She was a young mother... her boy was no more than three years old, and he was the sum and substance of her social life. They had recently moved across the country. The women she loved-- her best friends-- were all at least a thousand miles away. So were her parents. So was her husband, truth be told... immersed in the new job, disconnected from life at home. Or so it seemed to her.
The Thanksgiving sojourn to her parents' home was just a memory. The December days dawned, and the long, dark evenings held nothing more for her than endless repeats of the videos her son currently loved. It was just the two of them, the woman and her son. They were one another's everything.
A friend from years ago had relocated to a city two hours away. It was a lifeline, and she grabbed on greedily, driving the old rear-wheel drive car through a snowy morning to get to a home full of children (she had always wanted more children), and a sympathetic woman, flushed with the excitement of graduate school. They drank tea together. They watched the children tumble in the snow, the friend's older children kindly including her son. When it was time to go, she nearly wept. She was so lonely.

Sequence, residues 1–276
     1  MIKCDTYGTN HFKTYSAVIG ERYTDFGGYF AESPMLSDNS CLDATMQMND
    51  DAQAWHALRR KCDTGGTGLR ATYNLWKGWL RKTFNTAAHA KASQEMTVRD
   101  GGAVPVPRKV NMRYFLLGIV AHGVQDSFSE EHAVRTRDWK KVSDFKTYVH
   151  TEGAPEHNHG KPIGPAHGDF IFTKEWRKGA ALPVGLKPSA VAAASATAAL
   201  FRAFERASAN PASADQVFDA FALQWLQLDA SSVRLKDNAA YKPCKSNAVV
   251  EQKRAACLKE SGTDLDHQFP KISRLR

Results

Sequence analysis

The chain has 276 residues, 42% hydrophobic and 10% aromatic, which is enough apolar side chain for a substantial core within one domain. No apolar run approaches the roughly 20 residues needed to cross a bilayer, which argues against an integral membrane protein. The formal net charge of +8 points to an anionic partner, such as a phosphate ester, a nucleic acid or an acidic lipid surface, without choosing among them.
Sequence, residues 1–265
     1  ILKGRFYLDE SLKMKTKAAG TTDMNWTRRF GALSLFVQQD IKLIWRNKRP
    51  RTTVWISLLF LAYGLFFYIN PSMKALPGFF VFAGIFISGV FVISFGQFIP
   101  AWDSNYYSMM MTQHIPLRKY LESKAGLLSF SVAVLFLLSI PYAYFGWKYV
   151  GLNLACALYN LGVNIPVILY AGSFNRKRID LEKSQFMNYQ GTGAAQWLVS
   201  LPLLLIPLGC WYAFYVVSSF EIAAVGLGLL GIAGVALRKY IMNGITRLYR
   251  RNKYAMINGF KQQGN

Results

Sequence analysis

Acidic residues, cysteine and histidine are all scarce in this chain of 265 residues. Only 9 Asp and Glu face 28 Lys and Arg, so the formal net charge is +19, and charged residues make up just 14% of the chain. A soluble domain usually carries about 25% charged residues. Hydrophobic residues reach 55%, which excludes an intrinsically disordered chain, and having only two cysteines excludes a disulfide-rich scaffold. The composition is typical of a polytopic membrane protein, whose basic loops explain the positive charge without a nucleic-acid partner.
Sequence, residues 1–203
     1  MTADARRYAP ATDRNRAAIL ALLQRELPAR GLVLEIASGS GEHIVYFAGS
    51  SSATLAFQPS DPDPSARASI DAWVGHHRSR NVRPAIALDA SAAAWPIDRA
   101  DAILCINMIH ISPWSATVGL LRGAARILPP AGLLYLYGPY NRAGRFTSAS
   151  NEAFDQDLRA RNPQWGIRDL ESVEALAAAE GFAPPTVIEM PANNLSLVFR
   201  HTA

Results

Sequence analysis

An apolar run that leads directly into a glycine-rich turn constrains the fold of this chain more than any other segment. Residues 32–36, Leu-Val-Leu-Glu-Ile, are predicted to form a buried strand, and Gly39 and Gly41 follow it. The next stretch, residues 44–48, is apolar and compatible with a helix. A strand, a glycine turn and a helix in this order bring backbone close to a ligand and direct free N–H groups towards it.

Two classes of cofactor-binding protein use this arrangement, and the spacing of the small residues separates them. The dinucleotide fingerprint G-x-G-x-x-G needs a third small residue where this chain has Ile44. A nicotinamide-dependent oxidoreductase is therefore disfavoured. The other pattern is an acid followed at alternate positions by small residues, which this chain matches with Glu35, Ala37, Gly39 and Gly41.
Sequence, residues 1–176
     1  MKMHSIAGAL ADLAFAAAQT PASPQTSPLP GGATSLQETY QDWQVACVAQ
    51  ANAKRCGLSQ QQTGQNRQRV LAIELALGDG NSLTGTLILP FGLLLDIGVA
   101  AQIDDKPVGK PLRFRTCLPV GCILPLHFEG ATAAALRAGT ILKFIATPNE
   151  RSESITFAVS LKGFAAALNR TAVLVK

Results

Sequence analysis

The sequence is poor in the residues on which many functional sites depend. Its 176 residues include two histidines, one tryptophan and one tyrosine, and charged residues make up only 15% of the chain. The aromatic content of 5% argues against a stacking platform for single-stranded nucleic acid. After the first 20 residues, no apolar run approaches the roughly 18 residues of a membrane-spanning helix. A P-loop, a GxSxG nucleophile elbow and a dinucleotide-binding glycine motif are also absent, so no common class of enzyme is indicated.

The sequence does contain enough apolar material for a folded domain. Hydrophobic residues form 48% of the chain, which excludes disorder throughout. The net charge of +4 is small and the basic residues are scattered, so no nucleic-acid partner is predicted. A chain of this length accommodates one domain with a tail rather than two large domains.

On the highway, dark in the twilight, she watched as farmhouses and small communities rolled past. She could see the beginnings of Christmas lights appearing. Some displays were garish and embarrassing. Some were evocative and haunting. Everywhere strangers-- people she would never meet, living in places she would never know-- were lighting candles and lamps against the darkness. She watched as she drove into the blackness, marveling at the beauty of the incandescent bulbs. She felt an irrational gratitude towards the strangers who had so decorated their homes. It seemed the height of selflessness-- all that effort, not for themselves, but for her, a lonely stranger, clinging to her son's childhood, driving through the long night.